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Tom Jones at Polarity Ensemble Theatre | Theater review

David Hammond’s adaptation of Henry Fielding’s sprawling novel is wry and witty but ultimately wearying.

Photograph: Emily Granata
Tom Jones at Polarity Ensemble Theatre

Tom Jones (Marcus Davis), that famous foundling, has well-turned calves and a fine head of hair. He also has a taste for ladies, especially true love Sophia (Alex Fisher), and for scrapes. This premise served Henry Fielding so well that he sustained it for more than 300,000 words in his 1749 novel; here, at least, it holds up less well onstage.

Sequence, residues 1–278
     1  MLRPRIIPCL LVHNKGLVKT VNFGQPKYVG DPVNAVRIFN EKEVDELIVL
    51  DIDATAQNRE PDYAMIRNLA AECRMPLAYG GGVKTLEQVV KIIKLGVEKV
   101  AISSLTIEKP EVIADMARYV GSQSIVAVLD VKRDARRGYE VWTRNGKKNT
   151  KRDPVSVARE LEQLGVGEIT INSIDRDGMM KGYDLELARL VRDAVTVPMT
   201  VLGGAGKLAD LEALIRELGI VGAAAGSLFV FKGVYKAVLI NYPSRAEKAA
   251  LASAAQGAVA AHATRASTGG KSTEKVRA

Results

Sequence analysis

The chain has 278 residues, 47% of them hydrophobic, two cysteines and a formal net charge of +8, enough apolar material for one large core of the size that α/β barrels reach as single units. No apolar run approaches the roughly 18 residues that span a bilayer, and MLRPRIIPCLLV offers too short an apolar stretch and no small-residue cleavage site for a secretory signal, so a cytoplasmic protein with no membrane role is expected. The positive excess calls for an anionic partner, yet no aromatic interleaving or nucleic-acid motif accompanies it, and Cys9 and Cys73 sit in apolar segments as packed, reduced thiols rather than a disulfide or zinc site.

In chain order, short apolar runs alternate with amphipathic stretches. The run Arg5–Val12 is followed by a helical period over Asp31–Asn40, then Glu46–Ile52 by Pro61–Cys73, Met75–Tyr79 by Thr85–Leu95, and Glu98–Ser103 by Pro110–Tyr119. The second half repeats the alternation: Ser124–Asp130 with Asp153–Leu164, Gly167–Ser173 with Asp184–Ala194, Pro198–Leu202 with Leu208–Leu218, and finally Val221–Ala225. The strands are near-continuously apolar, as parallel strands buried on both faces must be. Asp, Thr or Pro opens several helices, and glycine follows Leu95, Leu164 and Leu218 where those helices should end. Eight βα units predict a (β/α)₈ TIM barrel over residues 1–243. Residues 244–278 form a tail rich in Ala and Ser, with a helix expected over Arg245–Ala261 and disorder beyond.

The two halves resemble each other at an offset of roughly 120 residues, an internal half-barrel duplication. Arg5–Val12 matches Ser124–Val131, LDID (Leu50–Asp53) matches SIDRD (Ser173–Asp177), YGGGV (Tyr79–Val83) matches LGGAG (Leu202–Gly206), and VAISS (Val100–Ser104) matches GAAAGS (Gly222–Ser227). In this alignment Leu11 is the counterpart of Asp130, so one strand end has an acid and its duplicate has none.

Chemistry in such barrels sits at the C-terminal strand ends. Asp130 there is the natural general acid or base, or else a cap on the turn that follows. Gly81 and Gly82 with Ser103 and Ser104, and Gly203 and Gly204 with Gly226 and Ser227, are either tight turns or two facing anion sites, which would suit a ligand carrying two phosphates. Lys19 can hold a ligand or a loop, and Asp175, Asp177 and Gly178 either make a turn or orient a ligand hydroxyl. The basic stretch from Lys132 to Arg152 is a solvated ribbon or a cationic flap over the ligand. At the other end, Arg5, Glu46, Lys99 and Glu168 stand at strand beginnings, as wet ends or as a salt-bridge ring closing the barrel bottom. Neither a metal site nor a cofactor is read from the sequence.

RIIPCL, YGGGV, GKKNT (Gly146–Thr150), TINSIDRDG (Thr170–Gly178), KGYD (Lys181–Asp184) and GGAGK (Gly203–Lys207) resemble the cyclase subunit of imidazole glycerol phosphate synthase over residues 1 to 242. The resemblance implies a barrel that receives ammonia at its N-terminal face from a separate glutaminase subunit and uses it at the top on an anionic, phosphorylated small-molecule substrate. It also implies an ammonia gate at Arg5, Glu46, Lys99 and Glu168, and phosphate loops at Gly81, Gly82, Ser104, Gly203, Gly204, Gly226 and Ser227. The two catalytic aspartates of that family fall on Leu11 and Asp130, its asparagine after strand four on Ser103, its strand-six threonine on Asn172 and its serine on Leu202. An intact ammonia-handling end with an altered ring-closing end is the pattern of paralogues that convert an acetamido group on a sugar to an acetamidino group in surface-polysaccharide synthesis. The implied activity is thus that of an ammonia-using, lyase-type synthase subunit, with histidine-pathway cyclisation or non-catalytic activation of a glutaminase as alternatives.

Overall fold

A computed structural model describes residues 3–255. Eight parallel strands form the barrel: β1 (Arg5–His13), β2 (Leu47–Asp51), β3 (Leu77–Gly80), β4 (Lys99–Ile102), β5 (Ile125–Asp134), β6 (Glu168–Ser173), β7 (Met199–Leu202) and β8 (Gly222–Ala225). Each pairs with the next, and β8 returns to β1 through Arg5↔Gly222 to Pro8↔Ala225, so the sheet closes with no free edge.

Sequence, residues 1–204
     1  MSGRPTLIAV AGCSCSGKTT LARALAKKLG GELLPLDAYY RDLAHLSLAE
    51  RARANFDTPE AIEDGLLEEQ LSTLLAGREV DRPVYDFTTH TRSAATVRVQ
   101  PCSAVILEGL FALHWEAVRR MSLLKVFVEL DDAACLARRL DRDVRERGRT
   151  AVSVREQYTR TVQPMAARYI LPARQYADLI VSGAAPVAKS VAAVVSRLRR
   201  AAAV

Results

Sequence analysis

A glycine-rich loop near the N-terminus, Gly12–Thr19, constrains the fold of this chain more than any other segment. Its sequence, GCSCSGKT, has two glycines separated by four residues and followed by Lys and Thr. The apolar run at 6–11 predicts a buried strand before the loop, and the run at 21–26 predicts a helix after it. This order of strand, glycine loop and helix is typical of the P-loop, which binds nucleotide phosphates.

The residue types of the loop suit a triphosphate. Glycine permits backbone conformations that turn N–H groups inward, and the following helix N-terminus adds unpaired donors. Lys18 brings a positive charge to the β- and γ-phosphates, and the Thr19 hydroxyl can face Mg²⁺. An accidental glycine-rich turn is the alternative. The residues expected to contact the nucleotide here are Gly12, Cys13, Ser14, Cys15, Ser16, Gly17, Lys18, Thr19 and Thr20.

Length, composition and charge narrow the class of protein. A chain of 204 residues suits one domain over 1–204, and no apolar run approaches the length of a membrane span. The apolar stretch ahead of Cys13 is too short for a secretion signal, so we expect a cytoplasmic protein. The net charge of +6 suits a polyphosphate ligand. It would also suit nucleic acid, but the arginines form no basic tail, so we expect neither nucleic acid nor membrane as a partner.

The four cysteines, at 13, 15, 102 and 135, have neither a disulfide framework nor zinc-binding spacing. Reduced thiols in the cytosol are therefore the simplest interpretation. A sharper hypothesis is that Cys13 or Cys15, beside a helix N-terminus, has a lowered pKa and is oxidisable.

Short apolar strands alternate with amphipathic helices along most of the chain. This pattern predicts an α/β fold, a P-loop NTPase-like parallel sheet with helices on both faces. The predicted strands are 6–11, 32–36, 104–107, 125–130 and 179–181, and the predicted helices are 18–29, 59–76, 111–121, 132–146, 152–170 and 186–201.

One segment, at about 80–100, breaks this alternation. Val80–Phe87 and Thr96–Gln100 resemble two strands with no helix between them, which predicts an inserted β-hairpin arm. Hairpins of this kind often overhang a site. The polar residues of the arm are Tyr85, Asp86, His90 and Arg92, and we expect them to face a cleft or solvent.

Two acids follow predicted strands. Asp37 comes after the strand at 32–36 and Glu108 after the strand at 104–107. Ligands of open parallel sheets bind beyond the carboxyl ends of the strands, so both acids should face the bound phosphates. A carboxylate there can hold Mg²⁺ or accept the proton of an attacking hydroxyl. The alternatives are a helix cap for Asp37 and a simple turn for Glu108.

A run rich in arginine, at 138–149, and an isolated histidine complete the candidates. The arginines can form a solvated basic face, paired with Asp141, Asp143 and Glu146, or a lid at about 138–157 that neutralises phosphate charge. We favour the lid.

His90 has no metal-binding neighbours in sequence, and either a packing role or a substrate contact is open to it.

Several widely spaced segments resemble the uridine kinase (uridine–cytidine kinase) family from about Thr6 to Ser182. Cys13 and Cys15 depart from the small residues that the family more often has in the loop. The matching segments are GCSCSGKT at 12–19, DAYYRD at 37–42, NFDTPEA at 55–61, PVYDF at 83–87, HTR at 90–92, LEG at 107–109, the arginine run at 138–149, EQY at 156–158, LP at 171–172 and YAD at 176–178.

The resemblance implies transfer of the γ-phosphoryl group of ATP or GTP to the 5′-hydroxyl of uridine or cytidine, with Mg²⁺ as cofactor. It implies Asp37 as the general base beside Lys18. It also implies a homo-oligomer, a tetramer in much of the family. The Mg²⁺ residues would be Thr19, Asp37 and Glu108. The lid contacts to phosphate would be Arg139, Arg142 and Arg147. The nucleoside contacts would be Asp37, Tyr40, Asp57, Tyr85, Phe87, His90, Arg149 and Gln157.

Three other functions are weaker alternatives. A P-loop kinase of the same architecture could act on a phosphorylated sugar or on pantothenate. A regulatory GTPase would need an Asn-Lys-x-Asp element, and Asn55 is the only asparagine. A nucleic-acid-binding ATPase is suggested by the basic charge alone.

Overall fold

David Hammond, a faculty member at the American Repertory Theater Institute, newly revised his 1987 adaptation for Polarity’s production. In Hammond’s Tom Jones, minor characters get lots of stage time, and a hotel scene is a farcical playlet unto itself. When the whole ensemble gathers, Maggie Speer’s direction is artful; there’s a mesmerizing masked ball, and an ingenious hunt scene in which cast members hold branches aloft and evoke dogs, birds and horses. Several actors command the wry subtlety or brashness of their characters. But at nearly three hours in Polarity’s cramped venue, the play feels like watching a half-marathon run in period costumes. There’s plenty of merry laughter, sword fights, coquettish shrieks and so on, yet no one quite seems to know what to do with his or her hands. The absence of adult sexuality and a stageworthy plot arc leaves this a one-note romp.

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